Last evening's lecture in the extra-mural series of lectures by the Dept of History in Trinity was delivered by Professor Ciarán Brady. The subject was the reputation of Queen Elizabeth I.
Image link to Wikipedia.
Prof Brady must be the most enthusiastic lecturer I have ever heard. He absolutely loves his subject and is extremely knowledgeable about Elizabeth, the Tudors, and the mid to late 16th century. In what was a very entertaining lecture, and the best so far in the series, Prof Brady discussed first the reason why Elizabeth never married. This was a combination of her not wanting to marry a Catholic, get involved in Europe's wars, and not wanting to offend the local aristocracy. He told us that he cannot get inside her mind, but he believes these to be the main reasons why she defied everyone's wishes that she should marry.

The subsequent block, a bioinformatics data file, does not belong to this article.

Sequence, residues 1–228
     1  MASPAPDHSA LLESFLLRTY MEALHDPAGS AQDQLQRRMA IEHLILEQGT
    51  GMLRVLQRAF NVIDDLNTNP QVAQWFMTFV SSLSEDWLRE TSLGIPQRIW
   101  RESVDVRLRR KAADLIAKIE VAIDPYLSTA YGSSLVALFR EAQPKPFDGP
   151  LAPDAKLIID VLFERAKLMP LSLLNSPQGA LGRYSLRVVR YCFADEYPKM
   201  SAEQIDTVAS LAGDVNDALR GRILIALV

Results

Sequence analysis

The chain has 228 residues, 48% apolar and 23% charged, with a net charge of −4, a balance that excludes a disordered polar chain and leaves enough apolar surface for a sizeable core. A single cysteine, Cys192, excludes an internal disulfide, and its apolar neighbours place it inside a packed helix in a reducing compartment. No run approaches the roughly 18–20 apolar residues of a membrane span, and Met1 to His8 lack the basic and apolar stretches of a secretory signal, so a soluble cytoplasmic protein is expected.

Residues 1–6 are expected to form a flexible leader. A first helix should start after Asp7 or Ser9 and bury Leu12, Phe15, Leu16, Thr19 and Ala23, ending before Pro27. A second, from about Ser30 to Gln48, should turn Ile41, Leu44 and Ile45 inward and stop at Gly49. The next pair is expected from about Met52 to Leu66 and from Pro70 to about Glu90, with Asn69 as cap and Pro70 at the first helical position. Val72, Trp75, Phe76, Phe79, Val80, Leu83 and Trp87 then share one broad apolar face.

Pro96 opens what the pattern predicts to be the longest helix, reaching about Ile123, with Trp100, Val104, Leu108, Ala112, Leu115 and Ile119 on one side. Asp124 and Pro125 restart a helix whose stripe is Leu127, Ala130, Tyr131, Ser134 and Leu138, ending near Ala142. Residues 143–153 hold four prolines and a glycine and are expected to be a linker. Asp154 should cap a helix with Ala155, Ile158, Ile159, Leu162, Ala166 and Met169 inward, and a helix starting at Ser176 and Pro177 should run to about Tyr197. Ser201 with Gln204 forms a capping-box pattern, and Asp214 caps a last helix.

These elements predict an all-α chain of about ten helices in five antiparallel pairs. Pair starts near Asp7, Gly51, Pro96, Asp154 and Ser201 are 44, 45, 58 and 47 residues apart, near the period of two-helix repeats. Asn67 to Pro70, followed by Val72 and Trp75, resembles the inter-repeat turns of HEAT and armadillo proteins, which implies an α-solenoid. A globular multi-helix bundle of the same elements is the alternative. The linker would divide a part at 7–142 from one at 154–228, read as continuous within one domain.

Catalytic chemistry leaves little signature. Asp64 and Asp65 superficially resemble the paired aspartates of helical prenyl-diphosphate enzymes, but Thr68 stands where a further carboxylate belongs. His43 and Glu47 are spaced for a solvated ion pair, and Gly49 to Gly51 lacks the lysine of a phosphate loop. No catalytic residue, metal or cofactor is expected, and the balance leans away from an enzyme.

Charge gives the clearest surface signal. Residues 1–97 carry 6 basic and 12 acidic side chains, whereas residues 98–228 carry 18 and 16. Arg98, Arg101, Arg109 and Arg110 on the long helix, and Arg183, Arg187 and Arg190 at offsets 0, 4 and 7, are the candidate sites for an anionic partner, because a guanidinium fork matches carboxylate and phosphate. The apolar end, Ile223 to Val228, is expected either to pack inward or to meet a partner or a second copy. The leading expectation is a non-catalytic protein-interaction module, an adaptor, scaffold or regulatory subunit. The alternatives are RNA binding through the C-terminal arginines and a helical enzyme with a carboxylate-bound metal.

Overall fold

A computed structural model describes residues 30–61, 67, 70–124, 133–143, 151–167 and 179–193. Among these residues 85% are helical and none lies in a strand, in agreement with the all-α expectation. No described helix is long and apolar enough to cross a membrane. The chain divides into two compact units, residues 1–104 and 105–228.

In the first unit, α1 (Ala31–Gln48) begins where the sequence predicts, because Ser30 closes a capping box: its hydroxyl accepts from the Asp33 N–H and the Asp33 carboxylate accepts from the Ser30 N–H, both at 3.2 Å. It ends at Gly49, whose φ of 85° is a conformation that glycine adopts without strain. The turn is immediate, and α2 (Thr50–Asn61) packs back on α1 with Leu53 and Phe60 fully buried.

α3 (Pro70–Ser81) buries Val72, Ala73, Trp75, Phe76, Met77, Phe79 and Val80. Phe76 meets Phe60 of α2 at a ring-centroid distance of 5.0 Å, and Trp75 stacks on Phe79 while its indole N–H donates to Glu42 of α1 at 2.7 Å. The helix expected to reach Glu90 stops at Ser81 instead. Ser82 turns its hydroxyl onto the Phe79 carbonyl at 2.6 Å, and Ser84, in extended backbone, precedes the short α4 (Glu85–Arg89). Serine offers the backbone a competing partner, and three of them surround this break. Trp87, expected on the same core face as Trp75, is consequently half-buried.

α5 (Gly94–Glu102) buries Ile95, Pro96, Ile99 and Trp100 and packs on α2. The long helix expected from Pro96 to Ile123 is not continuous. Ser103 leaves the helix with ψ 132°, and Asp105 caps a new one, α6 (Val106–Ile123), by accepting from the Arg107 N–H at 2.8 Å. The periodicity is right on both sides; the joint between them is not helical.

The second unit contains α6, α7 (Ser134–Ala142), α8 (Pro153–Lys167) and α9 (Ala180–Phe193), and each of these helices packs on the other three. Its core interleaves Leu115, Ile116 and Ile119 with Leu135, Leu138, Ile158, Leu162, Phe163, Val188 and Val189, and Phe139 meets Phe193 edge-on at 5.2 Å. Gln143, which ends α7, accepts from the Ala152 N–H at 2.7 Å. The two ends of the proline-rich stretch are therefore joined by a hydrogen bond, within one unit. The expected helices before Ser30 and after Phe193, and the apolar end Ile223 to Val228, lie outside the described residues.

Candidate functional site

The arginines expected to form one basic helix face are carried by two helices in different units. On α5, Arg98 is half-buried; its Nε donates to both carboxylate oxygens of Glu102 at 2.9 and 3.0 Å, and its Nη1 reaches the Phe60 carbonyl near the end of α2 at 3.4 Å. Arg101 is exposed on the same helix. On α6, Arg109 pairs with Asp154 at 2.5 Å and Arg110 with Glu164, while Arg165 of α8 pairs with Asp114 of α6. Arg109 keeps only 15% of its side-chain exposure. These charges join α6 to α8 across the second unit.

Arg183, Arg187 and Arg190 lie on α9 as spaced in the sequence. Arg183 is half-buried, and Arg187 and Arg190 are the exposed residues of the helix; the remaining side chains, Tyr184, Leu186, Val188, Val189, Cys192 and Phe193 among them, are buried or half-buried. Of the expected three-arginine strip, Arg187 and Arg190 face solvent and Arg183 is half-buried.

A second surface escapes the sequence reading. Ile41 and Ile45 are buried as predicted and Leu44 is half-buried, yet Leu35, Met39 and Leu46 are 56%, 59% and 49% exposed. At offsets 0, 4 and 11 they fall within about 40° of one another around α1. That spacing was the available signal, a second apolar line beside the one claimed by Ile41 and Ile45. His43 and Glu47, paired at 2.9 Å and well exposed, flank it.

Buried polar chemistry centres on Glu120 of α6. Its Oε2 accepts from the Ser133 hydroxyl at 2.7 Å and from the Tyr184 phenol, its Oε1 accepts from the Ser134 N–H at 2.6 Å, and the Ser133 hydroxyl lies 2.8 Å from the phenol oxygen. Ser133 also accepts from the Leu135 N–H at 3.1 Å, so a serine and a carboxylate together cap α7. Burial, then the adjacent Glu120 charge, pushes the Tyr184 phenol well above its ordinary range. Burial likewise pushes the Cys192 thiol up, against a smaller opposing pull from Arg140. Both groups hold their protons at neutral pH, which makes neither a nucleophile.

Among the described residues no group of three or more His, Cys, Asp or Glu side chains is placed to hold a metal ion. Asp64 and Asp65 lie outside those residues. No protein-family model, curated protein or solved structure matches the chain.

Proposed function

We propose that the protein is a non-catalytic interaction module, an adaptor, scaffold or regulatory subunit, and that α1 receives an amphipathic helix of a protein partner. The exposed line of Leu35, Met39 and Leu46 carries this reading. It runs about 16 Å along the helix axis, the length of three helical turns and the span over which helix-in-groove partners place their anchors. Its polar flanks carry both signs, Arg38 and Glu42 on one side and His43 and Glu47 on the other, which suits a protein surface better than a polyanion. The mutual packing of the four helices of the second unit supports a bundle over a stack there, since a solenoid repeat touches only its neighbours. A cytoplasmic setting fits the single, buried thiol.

Prof Brady also discussed Elizabeth as a politician and her difficulties being a woman in a man's world. Her principle predicament was not having the elements at Court that her father Henry VIII had in gathering intelligence to keep her informed of what was going on. Instead she turned to hunting and setting up a series of favourites to keep her informed.
A lively discussion followed during which I asked why she was not married off at an early age by her siblings. Apparently this was because her family were afraid of her producing offspring and the best way to manage her was to keep her barren.
A two week break now before the next lecture. This is an excellent series with lectures by some of the country's most foremost historians - well worth the €100 fee.